Ezekiel 18:21-22, 24, 26-28 (emphasis added)

In agreement with these verses is Jesus’ parable of workers in the vineyard (Matthew 20:1-16), all receive the same wage at the end of the day regardless how long they work. What God defines as being righteous in Ezekiel is again showing love to God and to others and observing His commandments.

If a man is righteous and does what is lawful and right – if he does not eat upon the mountains or lift up his eyes to the idols of the house of Israel, does not defile his neighbor’s wife or approach a woman in her time of impurity, does not oppress any one, but restores to the debtor his pledge, commit no robbery, gives his bread to the hungry and covers the naked with a garment, does not lend at interest or take any increase, withholds his hand from iniquity, execute true justice between man and man, walks in my statutes, and is careful to observe my ordinances _ he is righteous, he shall surely live, says the Lord God.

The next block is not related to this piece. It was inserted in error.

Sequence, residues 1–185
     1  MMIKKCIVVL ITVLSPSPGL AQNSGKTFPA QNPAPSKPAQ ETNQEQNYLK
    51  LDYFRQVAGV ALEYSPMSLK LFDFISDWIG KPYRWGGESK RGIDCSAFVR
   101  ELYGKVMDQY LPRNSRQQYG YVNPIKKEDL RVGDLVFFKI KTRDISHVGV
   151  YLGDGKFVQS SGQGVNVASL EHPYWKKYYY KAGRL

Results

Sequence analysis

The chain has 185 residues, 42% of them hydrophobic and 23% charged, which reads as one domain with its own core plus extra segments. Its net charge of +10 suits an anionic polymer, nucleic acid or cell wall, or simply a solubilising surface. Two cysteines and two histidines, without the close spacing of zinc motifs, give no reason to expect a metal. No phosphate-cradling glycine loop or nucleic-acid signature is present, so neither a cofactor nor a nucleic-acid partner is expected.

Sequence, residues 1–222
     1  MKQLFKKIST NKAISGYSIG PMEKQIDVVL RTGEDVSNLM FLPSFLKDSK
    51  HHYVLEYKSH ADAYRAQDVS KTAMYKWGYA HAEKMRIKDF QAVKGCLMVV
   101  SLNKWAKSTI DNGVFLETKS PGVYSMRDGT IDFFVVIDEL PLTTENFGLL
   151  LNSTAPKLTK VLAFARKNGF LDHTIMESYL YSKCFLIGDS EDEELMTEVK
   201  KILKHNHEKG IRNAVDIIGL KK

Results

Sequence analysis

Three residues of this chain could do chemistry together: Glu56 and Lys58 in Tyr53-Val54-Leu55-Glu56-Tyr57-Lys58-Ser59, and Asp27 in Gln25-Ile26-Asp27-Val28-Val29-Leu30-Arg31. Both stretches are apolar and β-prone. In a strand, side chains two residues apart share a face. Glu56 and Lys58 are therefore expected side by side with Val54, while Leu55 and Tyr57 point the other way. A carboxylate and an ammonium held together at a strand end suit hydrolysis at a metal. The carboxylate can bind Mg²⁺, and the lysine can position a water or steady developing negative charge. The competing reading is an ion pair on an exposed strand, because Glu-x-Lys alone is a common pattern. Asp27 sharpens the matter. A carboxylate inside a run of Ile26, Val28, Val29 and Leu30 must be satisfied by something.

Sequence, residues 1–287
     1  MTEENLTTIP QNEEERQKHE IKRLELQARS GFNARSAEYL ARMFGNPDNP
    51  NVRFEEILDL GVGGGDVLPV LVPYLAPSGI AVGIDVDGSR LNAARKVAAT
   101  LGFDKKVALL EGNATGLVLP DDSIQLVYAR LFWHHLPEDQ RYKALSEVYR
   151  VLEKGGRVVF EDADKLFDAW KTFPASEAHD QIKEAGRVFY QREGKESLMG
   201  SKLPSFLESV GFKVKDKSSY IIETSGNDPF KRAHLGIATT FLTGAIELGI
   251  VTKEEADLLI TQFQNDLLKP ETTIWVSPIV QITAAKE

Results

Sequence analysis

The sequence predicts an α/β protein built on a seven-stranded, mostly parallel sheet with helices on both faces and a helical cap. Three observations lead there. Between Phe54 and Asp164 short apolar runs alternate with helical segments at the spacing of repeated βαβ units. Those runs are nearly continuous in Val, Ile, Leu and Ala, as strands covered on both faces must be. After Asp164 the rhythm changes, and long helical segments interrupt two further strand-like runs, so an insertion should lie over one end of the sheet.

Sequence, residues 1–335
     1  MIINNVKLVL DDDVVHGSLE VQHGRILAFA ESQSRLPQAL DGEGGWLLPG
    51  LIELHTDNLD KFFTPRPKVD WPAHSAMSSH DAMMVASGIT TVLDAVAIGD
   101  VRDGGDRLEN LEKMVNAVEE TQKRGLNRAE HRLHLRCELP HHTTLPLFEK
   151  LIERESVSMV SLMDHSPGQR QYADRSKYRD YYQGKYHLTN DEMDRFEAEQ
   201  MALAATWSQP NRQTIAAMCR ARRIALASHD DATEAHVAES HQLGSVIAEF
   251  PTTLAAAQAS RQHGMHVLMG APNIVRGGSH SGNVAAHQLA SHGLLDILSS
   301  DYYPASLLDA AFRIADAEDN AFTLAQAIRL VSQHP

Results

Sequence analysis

Ezekiel 18:5-9

Are Catholics saved? The answer is: They were saved (when they believed in Jesus and were baptised) and are being saved as they must endure and persevere to the end.

Wibisono Hartono The Catholic Legate November 17, 2002 Reference

  1. Herbermann, C.G. (Editor in Chief): The Catholic Encyclopaedia, online version.
  2. McDonald, W.J., Most Rev. (Editor in Chief): The New Catholic Encyclopaedia.
  3. Sungenis, R.A.: Not by Faith alone, Queenship Publishing, Santa Barbara, 1997.